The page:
Chris Thompson talked publicly about the team's fans booing them at FedExField. Josh Norman was accusatory, saying, "They're not really behind us," according to Craig Hoffman of 106.7 The Fan. And D.J. Swearinger said in an interview with 106.7 The Fan's Grant Paulsen and Danny Rouhier (h/t Scott Allen of the Washington Post) he would rather play on the road.
"You don't have to worry about fans booing you. You ain't gotta worry about seeing the other team's jersey everywhere. You know it's going to be the other team's jerseys, because you're away. Home games, that's some of the worst things I've seen. I've played on four different teams, never seen it that bad, with other team's jerseys in the stands, the boos, whatever it may be. I've never been a part of nothing like that."
Swearinger, of course, went on to publicly criticize his coaches one too many times, got cut despite his play and ended up landing in Arizona.
The Redskins also fired president of business operations and chief operating officer Brian Lafemina and others on the business side a mere months after bringing them aboard and championing ticket access and transparency with fans. Still in place? The majority of the coaching staff and lighting-rod president Bruce Allen, who will presumably continue to make all the calls alongside Snyder.
Few teams, if any, have this sort of fan-indifference problem. A rookie quarterback could start to mend some of the problems.
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It all sounds like an environment a rookie passer would want to avoid at all costs.
But there is a chance to be a hero as well. Fan indifference usually stems from the thirst for a successful team, and the rookie to achieve that will hit hero status rather quickly.
And the Redskins aren't exactly hiding the fact that quarterback is on the table.
Doug Williams had this to say, according to ESPN's Adam Schefter: "We were able to trade for Case but that does not put us out of the realm of picking a quarterback if there is one there that we like at 15 [overall draft pick]."
If the senior vice president of player personnel doesn't convince onlookers, maybe Gruden will.
"There is no developmental process here. This is not Triple-A baseball where we're trying to develop a pitcher here," Gruden said, according to Kyle Stackpole of Redskins.com. "We're trying to win a game right now. If we feel like we draft a quarterback in the first, second, third or seventh round and he's going to start Day 1, we expect great things from him and the players will expect great things from him."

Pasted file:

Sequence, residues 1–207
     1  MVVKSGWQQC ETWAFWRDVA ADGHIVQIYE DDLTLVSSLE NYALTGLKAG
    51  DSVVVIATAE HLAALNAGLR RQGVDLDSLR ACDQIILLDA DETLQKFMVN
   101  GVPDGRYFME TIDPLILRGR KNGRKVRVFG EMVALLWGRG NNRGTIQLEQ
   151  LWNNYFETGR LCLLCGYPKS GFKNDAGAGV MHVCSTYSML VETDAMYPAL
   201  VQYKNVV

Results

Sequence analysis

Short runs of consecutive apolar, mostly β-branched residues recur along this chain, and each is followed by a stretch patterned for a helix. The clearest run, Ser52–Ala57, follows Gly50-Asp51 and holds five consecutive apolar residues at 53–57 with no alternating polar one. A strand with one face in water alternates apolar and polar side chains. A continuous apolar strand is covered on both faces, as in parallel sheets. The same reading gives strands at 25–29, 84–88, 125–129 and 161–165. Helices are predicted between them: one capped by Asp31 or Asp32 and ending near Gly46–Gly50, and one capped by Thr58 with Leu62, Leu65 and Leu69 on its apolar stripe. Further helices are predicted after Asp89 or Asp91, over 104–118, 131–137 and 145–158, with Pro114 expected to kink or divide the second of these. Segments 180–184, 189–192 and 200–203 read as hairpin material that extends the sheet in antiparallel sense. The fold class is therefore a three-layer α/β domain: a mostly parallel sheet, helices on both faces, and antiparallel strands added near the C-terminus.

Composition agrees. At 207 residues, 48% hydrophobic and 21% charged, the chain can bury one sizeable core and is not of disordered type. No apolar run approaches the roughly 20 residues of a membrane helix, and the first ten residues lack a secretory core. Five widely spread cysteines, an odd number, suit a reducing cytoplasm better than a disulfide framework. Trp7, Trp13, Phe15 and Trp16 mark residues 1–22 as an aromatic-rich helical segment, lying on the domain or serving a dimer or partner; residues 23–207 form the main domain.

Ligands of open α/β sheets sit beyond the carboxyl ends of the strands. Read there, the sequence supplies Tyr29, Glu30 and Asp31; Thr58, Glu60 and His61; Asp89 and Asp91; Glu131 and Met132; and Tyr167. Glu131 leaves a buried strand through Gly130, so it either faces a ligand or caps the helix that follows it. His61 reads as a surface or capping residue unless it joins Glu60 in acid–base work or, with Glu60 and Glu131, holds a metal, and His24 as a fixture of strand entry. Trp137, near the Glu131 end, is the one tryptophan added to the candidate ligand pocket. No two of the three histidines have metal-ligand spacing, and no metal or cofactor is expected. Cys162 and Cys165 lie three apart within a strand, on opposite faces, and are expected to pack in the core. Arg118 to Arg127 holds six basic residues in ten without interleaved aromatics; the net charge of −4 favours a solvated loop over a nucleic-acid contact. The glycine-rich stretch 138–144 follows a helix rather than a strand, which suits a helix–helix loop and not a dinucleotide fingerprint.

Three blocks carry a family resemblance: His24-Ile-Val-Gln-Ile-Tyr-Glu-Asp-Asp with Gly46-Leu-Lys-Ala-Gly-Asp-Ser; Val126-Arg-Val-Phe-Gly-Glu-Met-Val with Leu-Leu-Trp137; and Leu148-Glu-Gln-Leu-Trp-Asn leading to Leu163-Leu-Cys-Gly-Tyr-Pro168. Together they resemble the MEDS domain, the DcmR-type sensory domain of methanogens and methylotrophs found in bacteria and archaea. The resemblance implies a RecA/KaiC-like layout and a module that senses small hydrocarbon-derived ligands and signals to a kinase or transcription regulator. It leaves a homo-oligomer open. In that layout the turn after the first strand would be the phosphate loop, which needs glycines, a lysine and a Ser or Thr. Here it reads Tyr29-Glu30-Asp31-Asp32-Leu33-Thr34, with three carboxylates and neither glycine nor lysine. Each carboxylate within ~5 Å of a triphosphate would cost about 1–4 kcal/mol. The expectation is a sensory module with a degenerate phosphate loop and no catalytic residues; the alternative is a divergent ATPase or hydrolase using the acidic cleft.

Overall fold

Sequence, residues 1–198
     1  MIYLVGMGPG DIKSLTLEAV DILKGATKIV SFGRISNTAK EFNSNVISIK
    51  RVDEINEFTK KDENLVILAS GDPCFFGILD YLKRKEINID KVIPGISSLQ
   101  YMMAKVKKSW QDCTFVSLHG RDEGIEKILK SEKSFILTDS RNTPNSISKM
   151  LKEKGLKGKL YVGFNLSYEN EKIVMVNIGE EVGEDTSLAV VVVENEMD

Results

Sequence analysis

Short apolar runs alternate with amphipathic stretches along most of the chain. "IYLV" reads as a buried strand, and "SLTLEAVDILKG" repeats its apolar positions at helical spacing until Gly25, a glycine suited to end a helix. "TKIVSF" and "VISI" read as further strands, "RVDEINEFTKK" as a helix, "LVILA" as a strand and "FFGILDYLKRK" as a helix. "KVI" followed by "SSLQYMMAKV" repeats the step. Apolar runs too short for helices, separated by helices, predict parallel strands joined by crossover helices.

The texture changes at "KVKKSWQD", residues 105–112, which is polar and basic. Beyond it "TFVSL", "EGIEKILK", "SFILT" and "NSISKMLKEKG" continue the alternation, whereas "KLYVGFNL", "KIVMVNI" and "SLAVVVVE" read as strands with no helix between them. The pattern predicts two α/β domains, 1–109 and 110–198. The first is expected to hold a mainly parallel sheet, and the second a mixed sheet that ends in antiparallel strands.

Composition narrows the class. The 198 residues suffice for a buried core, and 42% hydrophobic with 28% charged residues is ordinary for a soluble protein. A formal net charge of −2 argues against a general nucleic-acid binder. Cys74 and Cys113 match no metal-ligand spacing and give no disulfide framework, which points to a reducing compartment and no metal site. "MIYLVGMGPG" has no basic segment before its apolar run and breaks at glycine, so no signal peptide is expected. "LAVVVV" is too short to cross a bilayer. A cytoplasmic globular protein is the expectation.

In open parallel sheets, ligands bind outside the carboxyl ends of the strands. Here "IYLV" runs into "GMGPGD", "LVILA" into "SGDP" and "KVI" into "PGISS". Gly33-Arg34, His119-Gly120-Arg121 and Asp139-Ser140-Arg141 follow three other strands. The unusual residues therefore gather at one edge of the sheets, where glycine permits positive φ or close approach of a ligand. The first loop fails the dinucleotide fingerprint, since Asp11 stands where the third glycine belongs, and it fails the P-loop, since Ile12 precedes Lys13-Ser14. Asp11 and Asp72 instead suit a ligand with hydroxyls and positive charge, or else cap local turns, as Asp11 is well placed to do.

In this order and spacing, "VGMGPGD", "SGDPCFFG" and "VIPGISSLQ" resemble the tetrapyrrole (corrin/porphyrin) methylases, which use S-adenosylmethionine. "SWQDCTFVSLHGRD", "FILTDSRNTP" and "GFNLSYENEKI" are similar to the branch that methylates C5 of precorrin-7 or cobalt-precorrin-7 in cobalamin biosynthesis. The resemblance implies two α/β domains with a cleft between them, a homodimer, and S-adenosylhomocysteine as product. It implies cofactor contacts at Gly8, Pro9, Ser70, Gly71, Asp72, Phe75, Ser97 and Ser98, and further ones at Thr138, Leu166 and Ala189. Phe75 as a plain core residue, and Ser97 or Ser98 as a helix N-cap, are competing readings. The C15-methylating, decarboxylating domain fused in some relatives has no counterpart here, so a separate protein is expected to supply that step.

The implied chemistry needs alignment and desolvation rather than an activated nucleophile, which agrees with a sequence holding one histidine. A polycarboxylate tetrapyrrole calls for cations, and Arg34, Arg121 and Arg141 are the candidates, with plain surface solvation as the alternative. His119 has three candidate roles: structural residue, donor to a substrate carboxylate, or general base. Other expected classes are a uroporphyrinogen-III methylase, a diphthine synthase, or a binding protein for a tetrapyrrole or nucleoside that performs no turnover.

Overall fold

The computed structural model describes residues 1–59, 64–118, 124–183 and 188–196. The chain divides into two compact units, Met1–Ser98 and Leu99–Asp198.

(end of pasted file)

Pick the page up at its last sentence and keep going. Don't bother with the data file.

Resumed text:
The Redskins have plenty of options to choose from in the opening round, especially if they are willing to move up.
Oklahoma's Kyler Murray is the obvious first name. The Heisman Trophy winner threw for 4,361 yards and 42 touchdowns against seven interceptions last year, adding another 1,001 yards and 12 scores as a rusher.
If Murray falls past the first pick, the Redskins will likely be one of the many teams picking up the phones and exploring trade options. As a disclaimer, though, NFL Network's Steve Wyche reported Murray canceled a late scheduled visit with the Redskins.
Ohio State's Dwayne Haskins is the next passer on Matt Miller's big board after Murray—and for good reason. Like Murray, he had only one year of notable production, but Haskins still made an impression by completing 70.0 percent of his passes with 4,831 yards and 50 touchdowns against eight interceptions.
Missouri's Drew Lock is a top-15 candidate as well after compiling at least 3,300 yards and 23 touchdowns in each of his last three seasons. So is Duke's Daniel Jones, though his underwhelming production in college is concerning despite the fact that he had a lack of talent around him. That said, he has pristine mechanics, and NFL Network's Gil Brandt likens him to Peyton Manning.
Haskins is the passer the Redskins are "most interested" in, while Lock had his name come up as well in a report from ESPN's Todd McShay.
Then there is the Josh Rosen angle.
The Redskins have been linked to all of the top passers and some middle-round talents. But nothing official has been said on Rosen other than what Gruden told NBC Sports Washington's JP Finlay: "We scouted Josh for sure. ... Josh is a good football player, but he's not on our team, so no reason to talk about him, is there?"
If the Cardinals make Murray the top pick, Rosen would presumably be on the table. If the Redskins float, say, a second-round pick this year or the next, Gruden would suddenly have a guy to groom just like he had with Dalton in Cincinnati. The logistics make plenty of sense too considering the Redskins are already cap-strapped, and Rosen would be under contract on a rookie deal for at least three more years.
While nothing is assured when it comes to the NFL draft, the potent concoction of a lackluster depth chart, cap restrictions and fan backlash borderline guarantees Washington will make a splash at the position.
Through their own actions and a dash of bad luck, the Redskins are more desperate for a quarterback than anyone else. The 2019 draft is an opportunity to turns things around, and the Redskins have at least shown a willingness to gamble. So whether the seemingly inevitable move is a brilliant revitalizing fire or another crushing setback makes for arguably the most interesting storyline surrounding the draft, which is rare for a 7-9 franchise, as that space is usually reserved for the team clutching the first pick.